Fall gardening tips: What to plant to eat all year in BC

The autumn rain is a sign for many green thumbs that it’s time to prepare their garden soil for the spring.

For other gardeners, however, the change in season means it’s time to make the switch to those winter vegetables that thrive in cold weather.

Bardia Khaledi designs gardens and helped build the Steveston Educational Garden. He says you can have a profusion of vegetables throughout the winter.

Khaledi says the great thing about fall gardening is you don’t have to keep watering your plants. If you can stand a little rain, you can enjoy garden-to-plate meals all year round. 

Here’s his winter gardening advice:  

  • Make sure your garden plot has good drainage, particularly if your beds are in the ground and not raised.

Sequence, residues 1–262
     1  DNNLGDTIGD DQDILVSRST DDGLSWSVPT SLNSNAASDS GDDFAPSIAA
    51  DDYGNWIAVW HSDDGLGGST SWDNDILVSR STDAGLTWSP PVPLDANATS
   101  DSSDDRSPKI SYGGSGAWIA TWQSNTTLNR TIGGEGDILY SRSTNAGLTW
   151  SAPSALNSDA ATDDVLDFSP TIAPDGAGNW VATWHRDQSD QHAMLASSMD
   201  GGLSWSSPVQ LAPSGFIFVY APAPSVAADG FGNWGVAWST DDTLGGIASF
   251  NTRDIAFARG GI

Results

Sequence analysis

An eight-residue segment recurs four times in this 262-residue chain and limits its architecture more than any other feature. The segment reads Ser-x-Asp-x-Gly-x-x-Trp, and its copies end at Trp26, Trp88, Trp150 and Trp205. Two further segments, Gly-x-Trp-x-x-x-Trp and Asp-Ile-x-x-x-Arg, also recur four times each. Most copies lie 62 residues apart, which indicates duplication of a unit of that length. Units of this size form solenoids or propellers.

• If you are putting your garden to bed, you can grow a cover crop to put nitrogen back in the soil, such as rye or clover or legumes (different kinds of peas). 
  • You can also collect seeds for next year, including nasturtiums, soy beans, peas, and broad beans, as well as tomatoes. 

Here are five vegetables that do well when the weather gets chilly:

  • Garlic (should be planted in October) 
  • Brassicas — broccoli, turnips, cauliflower, cabbage, Brussels sprouts
  • Leafy greens — kale, Swiss chard
  • Fava beans

Article source: http://www.cbc.ca/news/canada/british-columbia/fall-gardening-tips-what-to-plant-to-eat-all-year-in-bc-1.1913161